Felix and the Frontier is a story told in six episodes, posted serially by me, your finger waggling host, Cheeseburger Brown.
Reminder: I'm going to be hawking books and performing live improvisational storytelling at this year's SFX 2007 Science-Fiction Expo at the Metro Toronto Convention Centre this coming weekend, August 24-26. Drop by if you can!
Announcement: The Bikes of New York is now available in a newly edited, affordably priced print edition! Order your copy today (unless you pitched in for the Scifi Expo in which case I'll be sending you a complimentary copy as soon as I'm able -- do write to me to make sure I have your correct mailing address!). Relive the fun and fear of Luc Drapeau's stand against Manhattan's pedal power gangs!
We all know Felix's holy grail.
We all know the jackpot is a post-industrial civilization with whom we might make friends -- another intelligent kind to stand with Solar life, the Pegasi and the Great Henniplasm as peers of the Neighbourhood.
After so many lifeless worlds any sign is ambrosia to him, no matter how humble. He tries to keep his expectations appropriately meagre.
He stifles a sigh as he steps out onto another barren landscape of craters and dust beneath a black sky. He wilts at the knees, his body sagging not from disappointment but rather a somatic realization of the planet's strong gravity.
He straightens, rolling his shoulders as he becomes accustomed to their new weight. He takes a breath, tastes traces of nitrogen briefly before his duo of staff step in to disinfect him. Felix holds up his arms tolerantly, to make the job easy.
The sun crests the craggy horizon. It's an unremarkable yellow dwarf. Shadows dry up from the basins, absorbed into the crater rims.
He sets off on a stroll, scanning the environment with a bored expression. The rock features are sharp and uneroded, the impact basins ancient. This is a place utterly without weather but what dust and fire flotsam provides when meteorites fall.
And then he stops short on the next rim: in the crater below there are artifacts, their rectilinear edges standing in stark contrast to the organic texture of natural relief around them. He plods down over the rocky edge and then walks a mile across the dust-coated interior before arriving at the artifacts. They make him smile, the tough skin around his black eyes wrinkling into a million lines.
A pole stands with a piece of coloured fabric hanging heavy against it, the edges dangling with long, still threads. It is not the banner of the Panstellar Neighbourhood. At its foot is a piece of derelict technology: the struts and base of a modular lander. The common constraints of economic engineering have made the object almost familiar, but upon inspection the details are clearly alien.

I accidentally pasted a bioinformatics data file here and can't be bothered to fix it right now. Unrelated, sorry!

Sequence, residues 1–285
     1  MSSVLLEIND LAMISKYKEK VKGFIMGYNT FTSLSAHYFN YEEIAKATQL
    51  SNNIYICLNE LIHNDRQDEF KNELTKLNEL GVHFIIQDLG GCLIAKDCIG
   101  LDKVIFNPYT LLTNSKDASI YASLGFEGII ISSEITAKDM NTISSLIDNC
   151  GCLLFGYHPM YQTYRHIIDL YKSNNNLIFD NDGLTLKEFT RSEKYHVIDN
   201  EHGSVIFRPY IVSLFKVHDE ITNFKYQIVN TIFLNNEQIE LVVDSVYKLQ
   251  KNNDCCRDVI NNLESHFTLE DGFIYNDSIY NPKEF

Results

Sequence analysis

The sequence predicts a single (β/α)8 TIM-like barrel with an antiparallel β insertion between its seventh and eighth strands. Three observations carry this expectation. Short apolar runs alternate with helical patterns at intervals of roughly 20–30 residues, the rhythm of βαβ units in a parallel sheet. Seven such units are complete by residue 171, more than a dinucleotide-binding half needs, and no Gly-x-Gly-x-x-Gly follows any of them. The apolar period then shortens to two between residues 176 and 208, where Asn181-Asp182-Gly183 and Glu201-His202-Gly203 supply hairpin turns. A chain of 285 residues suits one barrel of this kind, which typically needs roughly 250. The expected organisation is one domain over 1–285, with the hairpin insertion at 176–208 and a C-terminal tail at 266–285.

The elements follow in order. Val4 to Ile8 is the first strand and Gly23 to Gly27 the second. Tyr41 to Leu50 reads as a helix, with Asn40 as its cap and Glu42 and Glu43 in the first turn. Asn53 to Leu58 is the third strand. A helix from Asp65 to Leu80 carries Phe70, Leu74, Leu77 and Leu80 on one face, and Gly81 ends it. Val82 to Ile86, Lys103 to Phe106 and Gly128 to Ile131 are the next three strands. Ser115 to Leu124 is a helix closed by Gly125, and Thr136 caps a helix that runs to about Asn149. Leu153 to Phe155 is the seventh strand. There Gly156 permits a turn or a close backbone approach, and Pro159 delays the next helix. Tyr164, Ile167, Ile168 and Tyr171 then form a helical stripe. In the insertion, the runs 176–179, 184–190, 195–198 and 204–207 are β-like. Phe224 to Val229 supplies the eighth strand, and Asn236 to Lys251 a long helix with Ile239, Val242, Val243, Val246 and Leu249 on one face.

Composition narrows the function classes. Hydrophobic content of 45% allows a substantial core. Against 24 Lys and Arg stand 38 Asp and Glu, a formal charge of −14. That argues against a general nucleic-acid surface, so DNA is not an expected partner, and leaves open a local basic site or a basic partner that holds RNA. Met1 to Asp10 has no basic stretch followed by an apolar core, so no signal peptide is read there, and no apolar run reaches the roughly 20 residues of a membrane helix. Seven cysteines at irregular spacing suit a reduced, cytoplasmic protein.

Intelligent spacefarers have visited this place, and left their humble mark.
On one side of the abandoned lander base is a shiny plaque inscribed with glyphs, diagrams and a tight grid of mathematical ratios and corresponding symbols for various constants. Felix speculates that a series of sinewy lines may be a depiction of the authors as physical entities, though he finds it hard to make heads or tails of the miasma of sweeping, tapering limbs.
On the opposite side of the lander is a second plaque, this one inscribed with a diagram of the star system. Felix sees that the planet upon which he stands is represented as one partner in a binary pair. It is the second, smaller partner that is surrounded by a halo of glyphs. That, guesses Felix, is home.
Three hours later that home rises, its sunward half a blaze of sparkling blue ocean under swirls of white cloud, the disc larger than Felix's outstretched palm -- a very close companion, a swiftly cruising sky-brushing moon.
As the blue moon climbs in the black sky it is accompanied by a sussurussing of electromagnetic static. Felix listens. His hearing spans the band, panning for guideposts amongst the noise. Using a key ratio from the first plaque on the lander, he discovers a relationship between sextets of frequencies, and finds the information transmitted within each set to be mutually complementary. Added together, they form a signal carrying information.
The taste of information, so stark and crisp and bright against the bed of randomness, fills Felix with an inexplicable emotion particular, perhaps, to himself as an individual. The quest has wrought in him a special sympathy for organized patterns that may have no real analogue for us homebodies.
There are messages there -- indecipherable, opaque, bizarre -- but still wonderful, wonderful messages encoding something banal or beautiful from the experience of some living thing whose mind could watch itself think. A thing like you or me. A thing like Felix.
Felix looks up at the blue world. As it turns its dark half begins to glitter with the light of cities. His eyes widen, and he grins.
It's peers. After all this time -- peers.
He looks around quickly, narrowing his eyes and blinking through the wavelengths as he inventories the craters around him for minerals. It is clear that his first order of business is to get himself to the blue moon, and meet whomever lives there: thus he will require a spaceship.
Felix returns to camp. He calls his staff and drips communication oil into an anthole on the gatehouse...
To read the complete novella get it for Kindle!